What is NIC Teaming?
Network Interface Card (NIC) Teaming is a mechanism to increase the thruput and / or reliability of an Ethernet connection by binding 2 or more connections together.
I'm currently building a Virtualisation Platform on some ancient (well 2008) hardware so I need to extract the best performance by all techniques and tweaks possible.
NIC teaming is a step in the right direction.
Installing the Windows 8.1 Driver - Error
From previous times I recall that the Intel ProSet driver is the one providing for detailed control of your Intel chipset Ethernet adapter. The download is here
However I got a rude error message saying my AOC-UG-i4 card was not supported with its Intel Pro 1000 technology.
I consulted this link and found that for Windows 8.1 there are either: In the box drivers i.e. Provided natively with Windows 8.1 OR the Full support, i.e. via the 100MB program I was trying to install.
So Intel is no good for Pro 1000 cards and the native Microsoft In Box driver does not support teaming. Perhaps from the manufacturer? On the Supermicro Website the links only went to Windows 2003.
Further investigation is necessary.
Setting up the Switch
Assuming it would all work out eventually <such optimism!> the first practical step was reconfiguring my Ethernet switch to know about aggregation:
I selected that Trunk 4 contain 4 ports 9,10,11,12 with LACP aggregation.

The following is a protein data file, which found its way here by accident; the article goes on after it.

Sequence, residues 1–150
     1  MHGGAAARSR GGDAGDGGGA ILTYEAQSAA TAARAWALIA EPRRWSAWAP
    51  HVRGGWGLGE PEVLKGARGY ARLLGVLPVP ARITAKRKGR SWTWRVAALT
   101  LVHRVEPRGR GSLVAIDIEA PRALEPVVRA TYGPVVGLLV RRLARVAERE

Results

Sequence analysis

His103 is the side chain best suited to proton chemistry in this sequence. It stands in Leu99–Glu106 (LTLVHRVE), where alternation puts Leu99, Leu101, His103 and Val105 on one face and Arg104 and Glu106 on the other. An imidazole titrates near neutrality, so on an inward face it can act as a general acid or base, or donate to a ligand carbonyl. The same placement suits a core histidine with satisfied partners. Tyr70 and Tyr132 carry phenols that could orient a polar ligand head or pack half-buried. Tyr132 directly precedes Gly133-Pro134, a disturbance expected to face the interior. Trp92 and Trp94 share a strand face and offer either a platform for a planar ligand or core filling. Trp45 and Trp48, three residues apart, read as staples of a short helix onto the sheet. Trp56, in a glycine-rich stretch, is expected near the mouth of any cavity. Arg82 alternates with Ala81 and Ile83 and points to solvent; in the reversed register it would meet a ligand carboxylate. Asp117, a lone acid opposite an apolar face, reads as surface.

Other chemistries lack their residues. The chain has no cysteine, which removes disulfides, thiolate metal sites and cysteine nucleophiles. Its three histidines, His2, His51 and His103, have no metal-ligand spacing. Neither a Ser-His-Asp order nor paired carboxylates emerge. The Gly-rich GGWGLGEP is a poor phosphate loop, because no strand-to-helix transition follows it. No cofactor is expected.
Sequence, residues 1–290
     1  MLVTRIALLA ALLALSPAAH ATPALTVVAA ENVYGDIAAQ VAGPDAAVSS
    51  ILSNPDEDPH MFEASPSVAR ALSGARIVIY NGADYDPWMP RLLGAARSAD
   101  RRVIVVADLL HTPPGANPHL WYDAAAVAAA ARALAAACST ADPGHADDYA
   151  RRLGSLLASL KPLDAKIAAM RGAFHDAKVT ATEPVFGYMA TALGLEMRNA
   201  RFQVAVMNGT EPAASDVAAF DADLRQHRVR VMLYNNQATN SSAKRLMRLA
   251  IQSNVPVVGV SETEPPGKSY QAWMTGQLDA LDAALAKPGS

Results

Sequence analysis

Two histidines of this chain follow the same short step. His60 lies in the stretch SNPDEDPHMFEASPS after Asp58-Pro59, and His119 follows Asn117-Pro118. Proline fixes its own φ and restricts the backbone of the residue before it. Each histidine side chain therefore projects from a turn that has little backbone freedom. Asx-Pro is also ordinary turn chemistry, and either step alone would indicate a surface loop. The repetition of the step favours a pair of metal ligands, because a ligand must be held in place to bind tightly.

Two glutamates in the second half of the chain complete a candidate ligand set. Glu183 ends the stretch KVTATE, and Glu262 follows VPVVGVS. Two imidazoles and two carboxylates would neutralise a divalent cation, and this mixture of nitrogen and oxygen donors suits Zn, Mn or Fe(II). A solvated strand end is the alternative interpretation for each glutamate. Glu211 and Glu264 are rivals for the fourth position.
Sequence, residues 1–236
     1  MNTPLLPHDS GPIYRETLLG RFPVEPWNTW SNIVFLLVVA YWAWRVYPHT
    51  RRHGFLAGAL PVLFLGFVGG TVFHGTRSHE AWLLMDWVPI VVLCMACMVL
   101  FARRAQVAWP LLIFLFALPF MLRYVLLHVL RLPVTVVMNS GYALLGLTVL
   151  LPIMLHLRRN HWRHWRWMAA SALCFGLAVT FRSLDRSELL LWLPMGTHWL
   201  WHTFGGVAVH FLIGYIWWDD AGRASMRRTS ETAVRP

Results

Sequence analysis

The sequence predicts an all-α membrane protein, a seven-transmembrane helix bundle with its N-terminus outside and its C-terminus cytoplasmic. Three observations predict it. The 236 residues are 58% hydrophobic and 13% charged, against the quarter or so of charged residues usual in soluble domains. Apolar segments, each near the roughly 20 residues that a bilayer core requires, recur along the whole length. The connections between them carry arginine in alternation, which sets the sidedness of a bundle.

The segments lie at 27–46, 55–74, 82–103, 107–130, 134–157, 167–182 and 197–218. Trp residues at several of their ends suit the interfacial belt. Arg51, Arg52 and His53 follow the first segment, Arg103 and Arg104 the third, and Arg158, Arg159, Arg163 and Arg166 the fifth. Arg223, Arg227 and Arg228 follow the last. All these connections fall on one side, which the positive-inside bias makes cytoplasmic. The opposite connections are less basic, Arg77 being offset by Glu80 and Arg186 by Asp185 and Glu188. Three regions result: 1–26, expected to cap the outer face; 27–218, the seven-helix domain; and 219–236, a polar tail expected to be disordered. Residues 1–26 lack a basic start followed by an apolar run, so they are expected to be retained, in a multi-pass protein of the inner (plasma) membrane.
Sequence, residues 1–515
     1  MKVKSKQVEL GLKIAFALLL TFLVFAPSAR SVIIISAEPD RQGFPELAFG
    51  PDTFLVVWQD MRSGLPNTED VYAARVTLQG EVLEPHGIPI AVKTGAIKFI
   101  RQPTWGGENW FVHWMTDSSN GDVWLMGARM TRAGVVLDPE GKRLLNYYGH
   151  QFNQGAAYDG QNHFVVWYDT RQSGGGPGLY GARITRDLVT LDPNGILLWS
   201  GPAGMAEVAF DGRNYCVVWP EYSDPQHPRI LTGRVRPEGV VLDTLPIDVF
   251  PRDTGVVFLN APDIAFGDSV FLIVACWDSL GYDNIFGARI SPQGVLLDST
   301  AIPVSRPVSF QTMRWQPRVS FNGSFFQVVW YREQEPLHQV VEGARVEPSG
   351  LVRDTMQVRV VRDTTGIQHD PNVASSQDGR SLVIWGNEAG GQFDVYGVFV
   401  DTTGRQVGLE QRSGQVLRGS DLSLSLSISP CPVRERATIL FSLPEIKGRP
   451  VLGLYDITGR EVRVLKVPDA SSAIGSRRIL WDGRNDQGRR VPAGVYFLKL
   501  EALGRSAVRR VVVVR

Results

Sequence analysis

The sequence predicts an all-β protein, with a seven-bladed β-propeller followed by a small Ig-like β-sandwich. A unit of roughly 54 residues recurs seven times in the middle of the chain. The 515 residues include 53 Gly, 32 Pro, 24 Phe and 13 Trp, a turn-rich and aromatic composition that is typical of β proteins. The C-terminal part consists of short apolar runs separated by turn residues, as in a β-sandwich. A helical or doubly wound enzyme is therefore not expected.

Back to Windows 8.1
I found that Windows 2012 now has OS level, not vendor support so I sneakily tried the 2012 server commands under Windows Powershell:
Copyright (C) 2013 Microsoft Corporation. All rights reserved.
PS C:\Windows\system32> New-NetLbfoTeam NICTeam
cmdlet New-NetLbfoTeam at command pipeline position 1
Supply values for the following parameters:
New-NetLbfoTeam : One of the required software components, 'ms_lbfo' is missing on the system. Please make sure you
are using a Server SKU, and that no OS components have been uninstalled.
At line:1 char:2
+ New-NetLbfoTeam NICTeam
+ CategoryInfo : NotSpecified: (MSFT_NetLbfoTeam:root/StandardCimv2/MSFT_NetLbfoTeam) [New-NetLbfoTeam],
+ FullyQualifiedErrorId : MiClientApiError_Failed,New-NetLbfoTeam
So I had to ditch the entire Windows 8.1 installation. This was moderately expensive since I had bought, installed and licensed Windows 8.1. Hmmm. [Note when installing Windows 81 you have to enter the key to start installation, and it goes and checks on the Internet, so potentially it could tell you the next time the key is already taken. I could not find any place to tell Microsoft that you were stopping using a license, with the inference that I would wish to use it later on a different system]